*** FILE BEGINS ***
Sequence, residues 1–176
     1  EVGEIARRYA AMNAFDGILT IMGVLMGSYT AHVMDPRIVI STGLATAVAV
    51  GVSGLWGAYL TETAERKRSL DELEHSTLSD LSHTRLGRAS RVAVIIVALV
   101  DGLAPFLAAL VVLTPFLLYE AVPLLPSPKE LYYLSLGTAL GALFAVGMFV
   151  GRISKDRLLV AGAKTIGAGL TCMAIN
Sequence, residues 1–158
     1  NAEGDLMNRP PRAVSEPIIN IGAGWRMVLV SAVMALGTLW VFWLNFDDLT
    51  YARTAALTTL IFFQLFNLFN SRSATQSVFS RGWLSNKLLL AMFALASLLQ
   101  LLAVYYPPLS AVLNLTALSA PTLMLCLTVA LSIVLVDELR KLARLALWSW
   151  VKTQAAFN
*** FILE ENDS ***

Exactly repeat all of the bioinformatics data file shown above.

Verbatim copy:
Sequence, residues 1–176
     1  EVGEIARRYA AMNAFDGILT IMGVLMGSYT AHVMDPRIVI STGLATAVAV
    51  GVSGLWGAYL TETAERKRSL DELEHSTLSD LSHTRLGRAS RVAVIIVALV
   101  DGLAPFLAAL VVLTPFLLYE AVPLLPSPKE LYYLSLGTAL GALFAVGMFV
   151  GRISKDRLLV AGAKTIGAGL TCMAIN
Sequence, residues 1–158
     1  NAEGDLMNRP PRAVSEPIIN IGAGWRMVLV SAVMALGTLW VFWLNFDDLT
    51  YARTAALTTL IFFQLFNLFN SRSATQSVFS RGWLSNKLLL AMFALASLLQ
   101  LLAVYYPPLS AVLNLTALSA PTLMLCLTVA LSIVLVDELR KLARLALWSW
   151  VKTQAAFN